On Clockers, we were really trying to be trendsetters. People used to say every time I got a job, “We want you to come up with some really new ideas and trends and stuff.” So I used to look at how guys were wearing very big, oversized clothes. Back then it was 2XLs and stuff. And I decided to do some interesting reimagining those silhouettes in the form of overalls and shorts with bibs in front of them. So all of the guys that hung out with Mekhi, they all had some version of my trying to reinvent the basketball short. It's funny, I had just done a baseball film, and I had done a lot of knickers [for that film], and so I just brought knickers with me back to Clockers, and I know that was the influence there.
I wanted to talk about School Daze, and the “Good and Bad Hair” scene. What was your inspiration for that? Did you go to a Historically Black College?
Yeah. I went to Hampton University, and it was Hampton Institute then when I first went. When I met Spike and I got to School Daze, it was a perfect first film because I had gone to an HBCU. We were shooting around the Spelman, Morehouse area in Atlanta, and it's not much different. We were all aware of that culture of going to school. It's the haves and the have-nots, and the fraternities, and what they did. Step shows and all of their looks. So it was theatrical for me. I was coming out of theater, and so I knew how to get the point across with costumes, and to be able to grab shin guards and duct tape, and work with their silver and black colors. So I had no learning curve where that was concerned.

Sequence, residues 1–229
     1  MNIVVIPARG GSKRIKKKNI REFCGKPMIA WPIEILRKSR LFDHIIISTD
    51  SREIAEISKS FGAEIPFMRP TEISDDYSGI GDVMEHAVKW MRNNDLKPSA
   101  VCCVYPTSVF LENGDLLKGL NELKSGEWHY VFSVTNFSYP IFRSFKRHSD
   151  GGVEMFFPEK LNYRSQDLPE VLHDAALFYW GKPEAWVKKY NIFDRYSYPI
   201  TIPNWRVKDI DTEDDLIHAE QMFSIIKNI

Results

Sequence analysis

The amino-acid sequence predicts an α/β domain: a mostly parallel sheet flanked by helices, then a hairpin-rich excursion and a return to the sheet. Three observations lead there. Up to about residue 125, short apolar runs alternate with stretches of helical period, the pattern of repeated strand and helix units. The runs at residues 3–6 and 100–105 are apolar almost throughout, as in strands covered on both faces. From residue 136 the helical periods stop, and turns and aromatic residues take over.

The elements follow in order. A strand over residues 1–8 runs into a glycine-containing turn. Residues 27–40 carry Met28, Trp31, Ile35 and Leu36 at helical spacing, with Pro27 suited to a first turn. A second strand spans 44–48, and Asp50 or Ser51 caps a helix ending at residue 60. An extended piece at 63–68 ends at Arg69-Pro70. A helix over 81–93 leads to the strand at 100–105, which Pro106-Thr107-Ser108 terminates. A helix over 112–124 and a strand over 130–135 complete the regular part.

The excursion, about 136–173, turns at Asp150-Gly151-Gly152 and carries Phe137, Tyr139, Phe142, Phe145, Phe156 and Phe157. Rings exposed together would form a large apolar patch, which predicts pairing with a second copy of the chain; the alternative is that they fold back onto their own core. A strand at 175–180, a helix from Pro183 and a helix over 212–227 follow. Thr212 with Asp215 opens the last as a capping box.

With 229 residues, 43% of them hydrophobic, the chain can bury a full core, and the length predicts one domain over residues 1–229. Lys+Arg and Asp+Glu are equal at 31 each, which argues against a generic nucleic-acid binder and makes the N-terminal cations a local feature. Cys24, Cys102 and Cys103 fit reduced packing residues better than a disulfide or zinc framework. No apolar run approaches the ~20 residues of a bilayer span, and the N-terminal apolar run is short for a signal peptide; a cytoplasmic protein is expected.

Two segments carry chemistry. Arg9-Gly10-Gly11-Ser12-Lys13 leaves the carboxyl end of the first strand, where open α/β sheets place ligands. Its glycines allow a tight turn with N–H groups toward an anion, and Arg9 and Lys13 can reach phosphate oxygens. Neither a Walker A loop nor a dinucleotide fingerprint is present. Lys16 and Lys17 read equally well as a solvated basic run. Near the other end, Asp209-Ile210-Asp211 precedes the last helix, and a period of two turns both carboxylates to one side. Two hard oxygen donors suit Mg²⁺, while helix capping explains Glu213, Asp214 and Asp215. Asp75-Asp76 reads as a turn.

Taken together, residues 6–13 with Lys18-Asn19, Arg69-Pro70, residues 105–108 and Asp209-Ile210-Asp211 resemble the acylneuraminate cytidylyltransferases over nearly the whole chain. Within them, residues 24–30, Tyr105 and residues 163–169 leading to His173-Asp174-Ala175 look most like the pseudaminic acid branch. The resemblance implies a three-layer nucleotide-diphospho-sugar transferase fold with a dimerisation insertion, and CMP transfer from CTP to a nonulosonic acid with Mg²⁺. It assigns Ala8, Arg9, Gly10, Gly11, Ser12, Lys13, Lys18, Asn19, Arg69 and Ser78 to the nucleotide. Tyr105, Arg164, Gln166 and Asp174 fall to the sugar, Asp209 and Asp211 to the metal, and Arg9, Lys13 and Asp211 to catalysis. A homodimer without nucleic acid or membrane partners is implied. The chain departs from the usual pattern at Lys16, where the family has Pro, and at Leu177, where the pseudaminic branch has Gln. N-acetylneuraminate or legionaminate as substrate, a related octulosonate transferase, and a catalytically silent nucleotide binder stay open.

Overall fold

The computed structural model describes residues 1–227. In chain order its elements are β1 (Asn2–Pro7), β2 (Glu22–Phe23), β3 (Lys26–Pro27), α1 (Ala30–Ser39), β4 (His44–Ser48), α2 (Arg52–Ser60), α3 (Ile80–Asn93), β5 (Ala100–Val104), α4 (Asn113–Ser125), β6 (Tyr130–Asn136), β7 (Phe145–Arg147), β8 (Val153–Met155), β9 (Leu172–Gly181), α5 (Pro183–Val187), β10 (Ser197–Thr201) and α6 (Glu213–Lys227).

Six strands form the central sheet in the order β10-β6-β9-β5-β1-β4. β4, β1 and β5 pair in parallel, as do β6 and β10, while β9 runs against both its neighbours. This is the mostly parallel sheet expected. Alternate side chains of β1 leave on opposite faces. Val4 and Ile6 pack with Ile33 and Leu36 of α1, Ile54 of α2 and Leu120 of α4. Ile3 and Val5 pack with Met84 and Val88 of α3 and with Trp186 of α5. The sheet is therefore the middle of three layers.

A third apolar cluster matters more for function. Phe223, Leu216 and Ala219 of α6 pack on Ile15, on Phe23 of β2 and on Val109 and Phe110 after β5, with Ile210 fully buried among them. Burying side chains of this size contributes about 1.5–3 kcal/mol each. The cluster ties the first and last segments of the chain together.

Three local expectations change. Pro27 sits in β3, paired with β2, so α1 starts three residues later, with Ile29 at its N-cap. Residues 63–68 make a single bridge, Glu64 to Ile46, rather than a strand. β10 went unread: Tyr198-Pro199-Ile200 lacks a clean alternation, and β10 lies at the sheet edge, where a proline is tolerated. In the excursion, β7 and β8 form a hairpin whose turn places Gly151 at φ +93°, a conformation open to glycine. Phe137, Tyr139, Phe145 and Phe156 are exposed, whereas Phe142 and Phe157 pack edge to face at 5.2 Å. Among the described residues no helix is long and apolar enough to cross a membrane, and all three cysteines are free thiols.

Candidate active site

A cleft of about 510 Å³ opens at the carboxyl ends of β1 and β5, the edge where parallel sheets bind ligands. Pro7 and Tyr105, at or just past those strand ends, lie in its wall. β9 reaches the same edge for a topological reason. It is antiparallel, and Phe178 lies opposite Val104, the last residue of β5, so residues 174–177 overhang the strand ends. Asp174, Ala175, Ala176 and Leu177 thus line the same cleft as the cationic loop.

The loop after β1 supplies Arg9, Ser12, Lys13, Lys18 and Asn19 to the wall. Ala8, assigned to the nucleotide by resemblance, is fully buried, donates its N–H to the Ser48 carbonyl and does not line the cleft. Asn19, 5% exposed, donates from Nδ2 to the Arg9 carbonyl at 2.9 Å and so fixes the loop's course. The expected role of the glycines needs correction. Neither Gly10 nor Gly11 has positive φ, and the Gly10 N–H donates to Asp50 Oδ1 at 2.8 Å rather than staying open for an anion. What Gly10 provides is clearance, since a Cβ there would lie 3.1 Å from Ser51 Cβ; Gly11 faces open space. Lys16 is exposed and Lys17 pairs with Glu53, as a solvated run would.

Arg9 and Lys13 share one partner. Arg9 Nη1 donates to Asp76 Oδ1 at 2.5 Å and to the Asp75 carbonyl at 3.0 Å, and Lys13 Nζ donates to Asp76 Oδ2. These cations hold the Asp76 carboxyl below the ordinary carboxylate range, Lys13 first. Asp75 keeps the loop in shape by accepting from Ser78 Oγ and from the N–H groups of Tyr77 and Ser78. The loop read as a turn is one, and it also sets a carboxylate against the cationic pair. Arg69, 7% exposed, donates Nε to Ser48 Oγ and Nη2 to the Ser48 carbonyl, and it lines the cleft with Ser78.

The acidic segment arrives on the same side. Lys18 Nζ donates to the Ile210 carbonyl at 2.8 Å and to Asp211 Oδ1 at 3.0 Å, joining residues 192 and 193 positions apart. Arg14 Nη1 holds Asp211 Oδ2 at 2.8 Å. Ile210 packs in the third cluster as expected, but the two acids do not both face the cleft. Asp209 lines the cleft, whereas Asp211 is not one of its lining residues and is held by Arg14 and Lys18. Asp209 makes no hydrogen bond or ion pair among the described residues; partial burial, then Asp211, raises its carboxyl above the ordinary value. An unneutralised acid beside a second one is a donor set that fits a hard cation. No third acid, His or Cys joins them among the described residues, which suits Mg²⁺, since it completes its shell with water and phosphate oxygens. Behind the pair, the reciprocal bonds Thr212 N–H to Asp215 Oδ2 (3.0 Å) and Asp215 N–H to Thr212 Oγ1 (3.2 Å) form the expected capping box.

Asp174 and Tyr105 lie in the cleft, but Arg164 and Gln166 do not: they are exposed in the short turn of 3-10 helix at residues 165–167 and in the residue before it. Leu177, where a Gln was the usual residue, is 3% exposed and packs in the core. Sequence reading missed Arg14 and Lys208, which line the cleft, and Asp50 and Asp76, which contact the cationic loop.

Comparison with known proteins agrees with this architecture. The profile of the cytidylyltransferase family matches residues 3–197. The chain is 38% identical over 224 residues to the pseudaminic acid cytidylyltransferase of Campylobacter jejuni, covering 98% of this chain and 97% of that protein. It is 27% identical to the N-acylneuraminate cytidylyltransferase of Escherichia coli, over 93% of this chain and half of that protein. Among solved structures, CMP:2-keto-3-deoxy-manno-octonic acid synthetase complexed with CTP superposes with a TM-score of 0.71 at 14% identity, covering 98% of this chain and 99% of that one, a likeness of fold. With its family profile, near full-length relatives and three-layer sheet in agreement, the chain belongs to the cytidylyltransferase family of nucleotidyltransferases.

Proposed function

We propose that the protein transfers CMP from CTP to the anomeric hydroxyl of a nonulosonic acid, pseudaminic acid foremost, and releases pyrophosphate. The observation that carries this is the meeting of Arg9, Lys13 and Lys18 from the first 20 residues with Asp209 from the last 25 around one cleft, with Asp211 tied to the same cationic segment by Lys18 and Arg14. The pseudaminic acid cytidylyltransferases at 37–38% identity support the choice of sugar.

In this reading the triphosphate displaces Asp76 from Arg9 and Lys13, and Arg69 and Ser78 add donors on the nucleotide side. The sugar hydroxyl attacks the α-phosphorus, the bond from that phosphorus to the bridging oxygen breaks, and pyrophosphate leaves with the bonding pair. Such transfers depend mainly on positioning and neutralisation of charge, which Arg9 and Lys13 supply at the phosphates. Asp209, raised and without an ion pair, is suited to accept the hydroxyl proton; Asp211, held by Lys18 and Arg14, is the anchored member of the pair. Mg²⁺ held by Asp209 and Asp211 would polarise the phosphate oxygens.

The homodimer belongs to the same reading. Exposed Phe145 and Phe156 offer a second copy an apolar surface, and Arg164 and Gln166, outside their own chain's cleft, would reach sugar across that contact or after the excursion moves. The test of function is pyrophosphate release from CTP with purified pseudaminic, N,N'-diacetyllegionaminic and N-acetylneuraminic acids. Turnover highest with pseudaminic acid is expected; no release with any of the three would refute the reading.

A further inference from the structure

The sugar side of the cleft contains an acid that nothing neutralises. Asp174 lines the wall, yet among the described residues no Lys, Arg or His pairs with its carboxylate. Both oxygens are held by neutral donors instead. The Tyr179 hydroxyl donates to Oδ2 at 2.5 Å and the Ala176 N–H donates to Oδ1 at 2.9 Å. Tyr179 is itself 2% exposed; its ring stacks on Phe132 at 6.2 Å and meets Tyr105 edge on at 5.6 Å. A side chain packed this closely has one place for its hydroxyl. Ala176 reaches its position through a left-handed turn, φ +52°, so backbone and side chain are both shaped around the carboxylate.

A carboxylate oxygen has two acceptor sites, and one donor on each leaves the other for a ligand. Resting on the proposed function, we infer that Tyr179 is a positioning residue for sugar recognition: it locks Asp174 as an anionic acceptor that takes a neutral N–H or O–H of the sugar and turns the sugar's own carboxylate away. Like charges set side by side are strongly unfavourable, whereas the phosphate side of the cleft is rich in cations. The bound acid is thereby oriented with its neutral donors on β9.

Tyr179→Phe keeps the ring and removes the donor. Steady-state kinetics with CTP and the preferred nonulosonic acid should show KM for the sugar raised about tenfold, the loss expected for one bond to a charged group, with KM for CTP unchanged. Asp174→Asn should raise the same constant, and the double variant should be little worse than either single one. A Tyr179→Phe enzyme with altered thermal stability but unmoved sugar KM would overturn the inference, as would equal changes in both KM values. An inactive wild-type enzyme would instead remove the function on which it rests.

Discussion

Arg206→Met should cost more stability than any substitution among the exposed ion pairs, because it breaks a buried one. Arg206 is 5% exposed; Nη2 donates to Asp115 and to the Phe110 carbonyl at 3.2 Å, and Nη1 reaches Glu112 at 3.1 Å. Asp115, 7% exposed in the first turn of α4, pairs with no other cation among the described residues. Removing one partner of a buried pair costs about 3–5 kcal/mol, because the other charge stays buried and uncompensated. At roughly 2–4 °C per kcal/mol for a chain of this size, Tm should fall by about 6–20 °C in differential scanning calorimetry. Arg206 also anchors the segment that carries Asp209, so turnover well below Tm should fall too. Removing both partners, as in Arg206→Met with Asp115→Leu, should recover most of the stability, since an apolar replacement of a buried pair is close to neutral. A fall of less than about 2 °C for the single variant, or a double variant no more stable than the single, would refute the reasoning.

That's a good transition to a question that I had. How do you feel about, because I know you're doing the costumes for Coming 2 America, and they were previously done by Deborah Nadoolman Landis, who wasn’t Black. And this is something I see come up a lot. How do you feel about non-Black costume directors being in charge of Black films and stories and costumes?
Well, it's hard to bring people up to speed when they haven't lived the culture. When you live the culture there are nuances that I think you know, that a lot of times if you're not a part of that culture you have to learn. I think Deborah Landis, who did the costumes for the original Coming to America, she did a good job of researching things that were significant costume-wise, and herald from Africa. There was also a very strong British influence in that film. The whole hierarchy, and then that worked in all of that. And so going back and understanding what they presented as a film, being directed by a white costume designer, I could see that we are now a much more sophisticated audience. That we now have Black Panther, and we know what Africa is. We can't make it up completely.
So in my version, there's a lot you don't see because it got cut. But what you do see is it's not one monolithic place. I use more South African influences. So you see big, bold, graphic colors, and you can actually place African culture in what part of Africa it's coming out of. And so, because it's a comedy, I didn't worry about that so much. I mean, they had so many Ankara fabrics and stuff in the first one, you could say, "Oh, Zamunda must be somewhere in West Africa." And here I come with South African stuff. Well most of my prints are South African so it's like, "Oh, Zamunda must be South now." I didn't worry about that so much.
I just think it's fun, it's tribal. Also they had a lot of Indian stuff in the first one. Madge Sinclair wore a sari, so I was like, "I'm going to mix that in," because when you look at Ethiopia, and look at the countries around the Eastern side of the continent of Africa, you can see how they borrowed from Asia. You can see the influences and the trading. So I used a lot of that. I'm just like, "Oh, don't be mad at me. I mixed it up."
How do you deal with being able to see people comment or critique your work on social media? Does social media affect your process at all?